> >
> >> Date: Thu, 15 Mar 2001 11:04:58 -0800 (PST)
> >> Reply-to: videolib@library.berkeley.edu
> >> From: Jessica Rosner <jrosner@kino.com>
> >> To: Multiple recipients of list <videolib@library.berkeley.edu>
> >> Subject: Re: videos, distance education, & fair use
> >
> >>
> >> --
> >> Jessica Rosner
> >> Kino International
> >> 333 W 39th St. 503
> >> NY NY 10018
> >> jrosner@kino.com
> >>
> >> I really was gonna stay out of this one but I feel compelled to ask, why is
> >> it so terrible to order a second or third copy if you need it at another
> >> location? I am assuming distance courses also use books. Do you just
> >> broadcast them as well ? As a distributor I might be a bit put off if
> >> say someone did an intro film course and broadcast one of our titles to
> >> 50 distance education sites using only one copy. Apart from the legal
> >> ramifications it hardly seems fair.
> >> It kind of reminds me of an interview that Godard once gave in which he
> >> said that basically Hollywood would make one blockbuster film a year which
> >> would just be shown in every theater at once.
> >>
> >> jessica
> >>
> >>> From: Barb Bergman <barbara.bergman@angelo.edu>
> >>> Reply-To: videolib@library.berkeley.edu
> >>> Date: Thu, 15 Mar 2001 10:40:28 -0800 (PST)
> >>> To: Multiple recipients of list <videolib@library.berkeley.edu>
> >>> Subject: Re: videos, distance education, & fair use
> >>>
> >>> Personally, I thought it sounded like fair use to me too, but the Distance
> >>> Education section of "Fair Use Harbor"
> >>> http://www.stfrancis.edu/cid/coprbay/fairuse.htm said otherwise. I mean,
> >>> what are you supposed to do? Buy a second copy of a video and mail it to
> >>> the remote site?
> >>>
> >>> Barb
> >>>
> >>> At 09:58 AM 3/14/2001 -0800, you wrote:
> >>>> I dunno. If access to the broadcast is limited strictly to enrolled
> >>>> students, I'd vote for this being fair use.
> >>>>
> >>>> gary
> >>>>
> >>>>
> >>>>
> >>>> At 08:45 AM 03/14/2001 -0800, you wrote:
> >>>>> I'm working on a presentation on fair use. I've gathered all sorts of good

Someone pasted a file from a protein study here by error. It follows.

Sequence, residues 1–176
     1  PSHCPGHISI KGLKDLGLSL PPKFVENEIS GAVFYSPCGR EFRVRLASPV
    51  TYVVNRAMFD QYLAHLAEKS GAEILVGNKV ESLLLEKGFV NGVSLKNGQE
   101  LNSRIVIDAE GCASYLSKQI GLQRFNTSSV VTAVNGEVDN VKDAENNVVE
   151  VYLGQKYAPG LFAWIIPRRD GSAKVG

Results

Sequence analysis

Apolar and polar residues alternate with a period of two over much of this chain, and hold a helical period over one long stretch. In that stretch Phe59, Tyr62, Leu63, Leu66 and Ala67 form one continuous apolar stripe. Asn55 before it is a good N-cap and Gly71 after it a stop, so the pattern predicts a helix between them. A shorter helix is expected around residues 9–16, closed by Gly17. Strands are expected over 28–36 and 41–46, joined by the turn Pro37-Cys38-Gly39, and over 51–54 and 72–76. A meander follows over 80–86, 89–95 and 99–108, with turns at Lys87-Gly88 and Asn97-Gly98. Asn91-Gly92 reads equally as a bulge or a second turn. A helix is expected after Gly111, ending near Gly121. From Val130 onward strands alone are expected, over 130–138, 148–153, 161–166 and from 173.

> >>>>> resources (most of which I've learned about from you guys!) but have one
> >>>>> question:
> >>>>>
> >>>>> The sources I have say:
> >>>>> When teaching a class via Distance Education, it's NOT okay to broadcast a
> >>>>> video without permission. (Even if no one outside the class could access
> >>> it.)
> >>>>>
> >>>>> Is this still correct? Or have there been changes in this doctrine? Any
> >>>>> changes in the works?
> >>>>>
> >>>>> thanks in advance,
> >>>>> Barb
> >>>>>
> >>>>>
> >>>>>
> >>>>> *-*-*-*-*-*-*-*-*-*-*-*-**-*-*-*-*-*-*-*-*-*-*-*-*
> >>>>> Barbara J. Bergman Porter Henderson Library
> >>>>> Media Librarian Angelo State University
> >>>>> ph: (915) 942-2313 Box 11013, ASU Station
> >>>>> fax: (915) 942-2198 San Angelo, TX 76909
> >>>>> *-*-*-*-*-*-*-*-*-*-*-*-**-*-*-*-*-*-*-*-*-*-*-*-*
> >>>>> Buffy: You need to have some fun.
> >>>>> Giles: I'll have you know that I have very many relaxing hobbies.
> >>>>> Buffy: Such as?
> >>>>> Giles: I enjoy cross-referencing.
> >>>>
> >>>> Gary Handman
> >>>> Director
> >>>> Media Resources Center
> >>>> Moffitt Library
> >>>> UC Berkeley, CA 94720-6000
> >>>> 510-643-8566
> >>>> ghandman@library.berkeley.edu
> >>>>
> >>>> "You are looking into the mind of home video. It is innocent, it is
> >>>> aimless,
> >>>> it is determined, it is real" --Don DeLillo, Underworld
> >>>>
> >>>>
> >>
> >>
>
>